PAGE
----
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Liyu Chen, Andrea Tirinzoni, Matteo Pirotta, Alessandro Lazaric

We study the sample complexity of learning an $\epsilon$-optimal policy in the Stochastic Shortest Path (SSP) problem. We first derive sample complexity bounds when the learner has access to a generative model. We show that there exists a worst-case SSP instance with $S$ states, $A$ actions, minimum cost $c_{\min}$, and maximum expected cost of the optimal policy over all states $B_{\star}$, where any algorithm requires at least $\Omega(SAB_{\star}^3/(c_{\min}\epsilon^2))$ samples to return an $\epsilon$-optimal policy with high probability. Surprisingly, this implies that whenever $c_{\min}=0$ an SSP problem may not be learnable, thus revealing that learning in SSPs is strictly harder than in the finite-horizon and discounted settings. We complement this result with lower bounds when prior knowledge of the hitting time of the optimal policy is available and when we restrict optimality by competing against policies with bounded hitting time. Finally, we design an algorithm with matching upper bounds in these cases. This settles the sample complexity of learning $\epsilon$-optimal polices in SSP with generative models. We also initiate the study of learning $\epsilon$-optimal policies without access to a generative model (i.e., the so-called best-policy identification problem), and show that sample-efficient learning is impossible in general. On the other hand, efficient learning can be made possible if we assume the agent can directly reach the goal state from any state by paying a fixed cost. We then establish the first upper and lower bounds under this assumption. Finally, using similar analytic tools, we prove that horizon-free regret is impossible in SSPs under general costs, resolving an open problem in (Tarbouriech et al., 2021c).

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Andrea Tirinzoni, Aymen Al-Marjani, Emilie Kaufmann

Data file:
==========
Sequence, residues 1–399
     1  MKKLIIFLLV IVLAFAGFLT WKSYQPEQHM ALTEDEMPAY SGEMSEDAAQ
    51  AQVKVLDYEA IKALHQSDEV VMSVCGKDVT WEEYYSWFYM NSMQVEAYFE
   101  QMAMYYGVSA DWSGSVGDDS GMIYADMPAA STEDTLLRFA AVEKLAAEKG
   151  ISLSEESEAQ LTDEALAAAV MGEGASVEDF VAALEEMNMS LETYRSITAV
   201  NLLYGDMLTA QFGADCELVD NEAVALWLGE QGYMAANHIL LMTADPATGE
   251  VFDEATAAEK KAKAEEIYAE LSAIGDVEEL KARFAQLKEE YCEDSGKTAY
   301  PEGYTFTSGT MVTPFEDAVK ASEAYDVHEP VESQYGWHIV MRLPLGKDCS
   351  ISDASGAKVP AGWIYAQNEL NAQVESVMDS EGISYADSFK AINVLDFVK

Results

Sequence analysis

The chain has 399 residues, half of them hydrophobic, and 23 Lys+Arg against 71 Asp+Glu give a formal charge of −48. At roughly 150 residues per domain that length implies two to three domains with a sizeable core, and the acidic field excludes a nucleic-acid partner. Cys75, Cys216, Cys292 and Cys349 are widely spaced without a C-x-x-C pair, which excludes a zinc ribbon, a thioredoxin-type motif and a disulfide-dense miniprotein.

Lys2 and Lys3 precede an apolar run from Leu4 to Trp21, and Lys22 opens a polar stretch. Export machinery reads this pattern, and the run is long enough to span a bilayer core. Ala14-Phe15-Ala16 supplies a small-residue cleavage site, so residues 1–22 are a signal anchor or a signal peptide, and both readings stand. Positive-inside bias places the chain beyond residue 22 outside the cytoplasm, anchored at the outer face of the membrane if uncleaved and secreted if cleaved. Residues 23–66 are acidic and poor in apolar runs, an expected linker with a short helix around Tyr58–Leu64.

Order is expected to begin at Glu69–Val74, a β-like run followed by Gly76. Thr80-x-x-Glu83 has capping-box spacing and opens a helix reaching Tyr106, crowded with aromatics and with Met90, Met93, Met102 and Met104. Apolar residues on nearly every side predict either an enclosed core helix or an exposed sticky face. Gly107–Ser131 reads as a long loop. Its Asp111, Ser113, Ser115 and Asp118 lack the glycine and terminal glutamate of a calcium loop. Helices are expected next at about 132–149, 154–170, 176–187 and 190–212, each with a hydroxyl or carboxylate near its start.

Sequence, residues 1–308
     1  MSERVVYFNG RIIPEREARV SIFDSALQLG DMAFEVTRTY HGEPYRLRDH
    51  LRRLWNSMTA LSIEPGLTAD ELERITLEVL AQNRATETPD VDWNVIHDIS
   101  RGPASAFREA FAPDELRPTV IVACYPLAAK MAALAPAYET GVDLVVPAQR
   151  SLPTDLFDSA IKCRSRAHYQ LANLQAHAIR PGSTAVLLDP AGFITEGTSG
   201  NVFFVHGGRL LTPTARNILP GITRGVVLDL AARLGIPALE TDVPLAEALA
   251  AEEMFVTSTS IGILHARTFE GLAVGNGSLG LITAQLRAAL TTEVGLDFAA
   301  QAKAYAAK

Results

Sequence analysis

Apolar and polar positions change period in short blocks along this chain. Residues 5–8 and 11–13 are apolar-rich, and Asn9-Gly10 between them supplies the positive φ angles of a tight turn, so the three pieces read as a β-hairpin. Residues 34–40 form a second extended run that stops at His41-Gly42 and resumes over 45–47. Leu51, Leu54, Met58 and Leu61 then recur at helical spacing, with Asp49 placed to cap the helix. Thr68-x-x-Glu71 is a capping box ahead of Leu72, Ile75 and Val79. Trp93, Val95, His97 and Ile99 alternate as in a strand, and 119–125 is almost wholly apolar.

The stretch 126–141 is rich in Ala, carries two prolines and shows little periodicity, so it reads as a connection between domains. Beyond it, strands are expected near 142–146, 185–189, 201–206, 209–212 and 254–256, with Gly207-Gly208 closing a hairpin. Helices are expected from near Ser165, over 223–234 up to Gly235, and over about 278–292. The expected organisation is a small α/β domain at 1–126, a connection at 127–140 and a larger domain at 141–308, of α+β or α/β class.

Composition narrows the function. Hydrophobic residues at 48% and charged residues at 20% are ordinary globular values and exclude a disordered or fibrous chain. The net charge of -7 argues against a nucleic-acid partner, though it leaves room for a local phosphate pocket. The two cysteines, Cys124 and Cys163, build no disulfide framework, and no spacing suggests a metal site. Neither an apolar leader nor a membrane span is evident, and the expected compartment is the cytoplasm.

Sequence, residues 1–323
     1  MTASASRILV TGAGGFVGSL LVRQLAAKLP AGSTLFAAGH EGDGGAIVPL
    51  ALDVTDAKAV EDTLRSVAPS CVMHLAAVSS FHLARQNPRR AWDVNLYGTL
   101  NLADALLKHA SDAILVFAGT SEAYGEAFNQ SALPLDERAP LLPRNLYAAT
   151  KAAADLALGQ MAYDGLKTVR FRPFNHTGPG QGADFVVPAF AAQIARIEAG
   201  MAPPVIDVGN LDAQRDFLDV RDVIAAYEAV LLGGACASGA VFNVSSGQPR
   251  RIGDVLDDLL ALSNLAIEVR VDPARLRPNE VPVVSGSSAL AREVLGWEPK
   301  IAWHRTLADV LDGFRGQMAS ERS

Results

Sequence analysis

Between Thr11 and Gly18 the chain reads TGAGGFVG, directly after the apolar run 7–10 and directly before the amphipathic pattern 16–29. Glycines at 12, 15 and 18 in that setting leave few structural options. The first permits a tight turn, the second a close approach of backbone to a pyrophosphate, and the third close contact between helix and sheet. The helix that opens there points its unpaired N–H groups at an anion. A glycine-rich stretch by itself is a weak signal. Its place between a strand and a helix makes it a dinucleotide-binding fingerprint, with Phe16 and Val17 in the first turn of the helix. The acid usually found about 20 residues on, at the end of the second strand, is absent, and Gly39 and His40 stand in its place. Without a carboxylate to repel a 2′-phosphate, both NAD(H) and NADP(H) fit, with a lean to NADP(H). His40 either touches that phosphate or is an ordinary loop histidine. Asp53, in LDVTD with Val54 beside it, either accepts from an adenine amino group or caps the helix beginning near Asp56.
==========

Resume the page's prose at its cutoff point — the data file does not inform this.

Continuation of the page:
Optimistic algorithms have been extensively studied for regret minimization in episodic tabular MDPs, both from a minimax and an instance-dependent view. However, for the PAC RL problem, where the goal is to identify a near-optimal policy with high probability, little is known about their instance-dependent sample complexity. A negative result of Wagenmaker et al. (2021) suggests that optimistic sampling rules cannot be used to attain the (still elusive) optimal instance-dependent sample complexity. On the positive side, we provide the first instance-dependent bound for an optimistic algorithm for PAC RL, BPI-UCRL, for which only minimax guarantees were available (Kaufmann et al., 2021). While our bound features some minimal visitation probabilities, it also features a refined notion of sub-optimality gap compared to the value gaps that appear in prior work. Moreover, in MDPs with deterministic transitions, we show that BPI-UCRL is actually near-optimal. On the technical side, our analysis is very simple thanks to a new "target trick" of independent interest. We complement these findings with a novel hardness result explaining why the instance-dependent complexity of PAC RL cannot be easily related to that of regret minimization, unlike in the minimax regime.